Urban Green Structure as a Means of Promoting Public Health and Wellbeing / How Parks and Recreation Spaces Contribute to Health
Torgeir Sorensen, Ifpra's immediate past president and Head of the Parks and Streets Department of the city of Stavanger in Norway, spoke on how urban green structures contribute to the improvement of public health and wellbeing. All citizens of Stavanger live within 500 metres of a green corridor, also referred to as green walk streets.
Little did we know that this would be the last time that Dr David Aldous would deliver a paper to an Ifpra congress. This was to be the last of many stretching over a period of more than 25 years.
David explained in detail how parks and recreation open spaces contributed to the various categories of public health. These categories included physical health, emotional health, spiritual health, social health and economic health. As always, David put an enormous amount of work into his preparation and one can only gain the full benefit of this paper by obtaining a copy of the original script.
Unfortunately David passed away within a week of the conference. He touched many lives both within Ifpra and beyond. Thank you David and strength to you Kaye.
Ifpra Regional and World Assembly Meetings
There was much work to get through and the various chairs did well to complete their agendas within the allotted time.
After lunch the final conference sessions took place.
Off-Leash Area: Management Plan
The City of Calgary Parks, Animal and Bylaw Services panel presented aspects of their Off- Leash Area Management Plan. One of the driving forces behind this project must have been the large increase in the local dog population. In 2001 there were 95,563 dogs in Calgary and nine years later this number had increased to over 122,000 - an increase of more than 27 per cent!
Today, 17 per cent of all parks in the city – 1,280 hectares - are allocated to off-leash areas. In addition to catering for the large increase in dogs, the city sees off-leash dog walking as a legitimate form of recreation and a way of getting Calgarians to access outdoor pursuits.
Through public participation, the parks personnel are always on the lookout on how to improve off-leash areas. With the help of voluntary compliance with city bylaws, educational programmes and law enforcement, the Department is able to reduce user conflict in these areas. The community is seen as partners and this helps to make the city a cleaner, healthier and safer place in which to live.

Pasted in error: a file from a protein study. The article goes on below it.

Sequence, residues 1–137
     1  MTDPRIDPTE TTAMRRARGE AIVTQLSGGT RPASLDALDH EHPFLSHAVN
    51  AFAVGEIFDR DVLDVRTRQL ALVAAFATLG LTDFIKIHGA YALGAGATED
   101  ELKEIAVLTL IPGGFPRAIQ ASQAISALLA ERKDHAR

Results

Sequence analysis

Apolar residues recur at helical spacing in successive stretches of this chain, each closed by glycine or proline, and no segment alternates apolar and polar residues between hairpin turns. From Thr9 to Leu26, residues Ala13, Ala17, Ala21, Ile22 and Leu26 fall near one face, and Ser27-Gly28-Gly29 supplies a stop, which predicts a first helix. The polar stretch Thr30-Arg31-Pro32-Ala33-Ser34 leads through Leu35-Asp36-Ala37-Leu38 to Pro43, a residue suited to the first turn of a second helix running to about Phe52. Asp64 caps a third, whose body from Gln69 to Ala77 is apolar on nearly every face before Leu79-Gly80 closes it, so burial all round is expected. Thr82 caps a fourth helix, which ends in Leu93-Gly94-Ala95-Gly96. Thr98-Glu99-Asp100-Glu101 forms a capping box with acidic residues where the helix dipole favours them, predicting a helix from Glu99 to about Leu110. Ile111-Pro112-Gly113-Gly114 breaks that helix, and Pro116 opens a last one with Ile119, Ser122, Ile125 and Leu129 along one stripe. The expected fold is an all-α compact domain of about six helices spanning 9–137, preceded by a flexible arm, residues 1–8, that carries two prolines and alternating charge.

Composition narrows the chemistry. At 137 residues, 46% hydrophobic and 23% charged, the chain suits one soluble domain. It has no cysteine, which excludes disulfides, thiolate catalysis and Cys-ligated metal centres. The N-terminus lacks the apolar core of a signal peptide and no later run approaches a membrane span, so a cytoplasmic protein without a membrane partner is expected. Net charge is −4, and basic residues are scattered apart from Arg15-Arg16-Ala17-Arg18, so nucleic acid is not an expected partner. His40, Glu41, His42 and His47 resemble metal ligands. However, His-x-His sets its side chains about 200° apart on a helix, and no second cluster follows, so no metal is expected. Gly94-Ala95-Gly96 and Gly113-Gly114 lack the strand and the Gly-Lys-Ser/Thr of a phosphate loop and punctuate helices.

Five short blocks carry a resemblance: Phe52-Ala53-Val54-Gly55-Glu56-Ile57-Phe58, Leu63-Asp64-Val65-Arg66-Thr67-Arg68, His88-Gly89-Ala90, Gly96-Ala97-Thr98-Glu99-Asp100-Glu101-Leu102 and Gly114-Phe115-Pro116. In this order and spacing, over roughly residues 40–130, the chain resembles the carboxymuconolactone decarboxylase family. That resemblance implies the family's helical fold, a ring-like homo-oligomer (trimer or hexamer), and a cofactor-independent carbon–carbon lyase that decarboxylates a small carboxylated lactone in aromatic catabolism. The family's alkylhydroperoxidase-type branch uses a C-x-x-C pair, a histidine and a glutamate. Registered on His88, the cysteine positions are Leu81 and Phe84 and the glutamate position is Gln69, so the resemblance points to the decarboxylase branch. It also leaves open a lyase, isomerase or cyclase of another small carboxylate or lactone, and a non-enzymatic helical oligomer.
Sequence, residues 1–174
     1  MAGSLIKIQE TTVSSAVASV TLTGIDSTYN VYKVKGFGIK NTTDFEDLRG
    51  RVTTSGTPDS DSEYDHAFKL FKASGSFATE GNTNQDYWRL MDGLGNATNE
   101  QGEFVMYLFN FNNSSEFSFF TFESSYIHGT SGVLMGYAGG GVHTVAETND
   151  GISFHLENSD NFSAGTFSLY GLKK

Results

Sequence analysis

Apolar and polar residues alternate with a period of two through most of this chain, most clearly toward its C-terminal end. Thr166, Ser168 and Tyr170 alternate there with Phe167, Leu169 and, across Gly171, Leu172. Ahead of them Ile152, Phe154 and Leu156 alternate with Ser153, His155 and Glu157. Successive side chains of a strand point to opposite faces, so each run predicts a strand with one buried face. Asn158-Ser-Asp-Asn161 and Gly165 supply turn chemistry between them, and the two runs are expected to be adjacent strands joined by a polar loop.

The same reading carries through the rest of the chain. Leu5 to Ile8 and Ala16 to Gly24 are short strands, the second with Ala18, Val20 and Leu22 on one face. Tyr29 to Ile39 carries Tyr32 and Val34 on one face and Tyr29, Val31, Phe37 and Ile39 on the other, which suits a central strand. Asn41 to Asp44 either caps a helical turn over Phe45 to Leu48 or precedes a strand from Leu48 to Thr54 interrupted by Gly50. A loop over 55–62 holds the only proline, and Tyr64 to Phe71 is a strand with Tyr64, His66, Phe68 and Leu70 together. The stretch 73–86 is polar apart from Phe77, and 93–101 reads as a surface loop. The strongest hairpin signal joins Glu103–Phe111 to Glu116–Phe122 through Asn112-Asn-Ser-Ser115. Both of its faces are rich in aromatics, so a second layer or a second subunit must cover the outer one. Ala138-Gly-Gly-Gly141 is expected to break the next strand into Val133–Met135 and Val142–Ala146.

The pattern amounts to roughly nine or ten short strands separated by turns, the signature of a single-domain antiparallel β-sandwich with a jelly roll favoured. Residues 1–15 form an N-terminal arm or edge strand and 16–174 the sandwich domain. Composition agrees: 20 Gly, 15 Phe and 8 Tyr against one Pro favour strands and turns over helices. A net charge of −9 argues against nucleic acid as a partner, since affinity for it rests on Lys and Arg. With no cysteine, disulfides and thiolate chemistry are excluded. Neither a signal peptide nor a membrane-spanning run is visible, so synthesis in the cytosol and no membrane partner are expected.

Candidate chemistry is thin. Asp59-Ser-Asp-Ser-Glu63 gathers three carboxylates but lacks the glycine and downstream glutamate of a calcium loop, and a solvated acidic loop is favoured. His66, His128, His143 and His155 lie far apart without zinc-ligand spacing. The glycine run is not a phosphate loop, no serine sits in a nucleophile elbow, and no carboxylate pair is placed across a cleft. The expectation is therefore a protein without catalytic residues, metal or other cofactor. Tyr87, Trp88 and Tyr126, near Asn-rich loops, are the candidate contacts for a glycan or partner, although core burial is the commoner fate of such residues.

Dogs and dog owners are a worldwide urban concern and the Calgary approach could well become a useful tool in reducing conflict in this area of parks management.
The Collaborative Economy
Tonya Surman, a Toronto based social entrepreneur, and founder and CEO of the Centre for Social Innovation, delivered a most interesting and challenging closing keynote address. She predicts that both the concept that “bigger is better” and the fundamentals of capitalism will fall away. Collaborative economy will replace capitalism as we know it today and working together will be the business model of the future.
After this keynote address, there was just enough time for a quick walk or jog in the delightful setting of Lake Louise. The weather, both for the pre-congress tour and for the conference itself, was amazing.
Ifpra and ARPA President’s Awards and Banquets
The last of the formal functions, the Ifpra and ARPA President's Awards and Banquets, were held in separate venues.
To the surprise of most, Ifpra President Emanuel Trueb presented medals to those members who were deemed to have delivered exceptional service to the Institute.
The recipients (pictured left to right) were: Gilbert Briscoe (South Africa/Australia), Yoritaka Tashiro (Japan), Torgier Sorensen (Norway), Alan Smith (UK), David Aldous (Australia) and John Brandenburg (Australia).
The following morning dawned white as it had started snowing overnight and it increased in intensity as we travelled to the Calgary airport, two hours away. So ended a marvellous two week stay in Canada and a big thank you to all those who made it possible with special thanks to Cliff and Gail Lacey.
Finally, IFPRA has proved over the years a wonderful organisation of networking amongst parks and recreational professionals. So it proved again in Canada where delegates from approximately 20 countries renewed old friendships and made new ones - long may this continue. Changes there will and must be - but the IFPRA spirit of camaraderie must remain.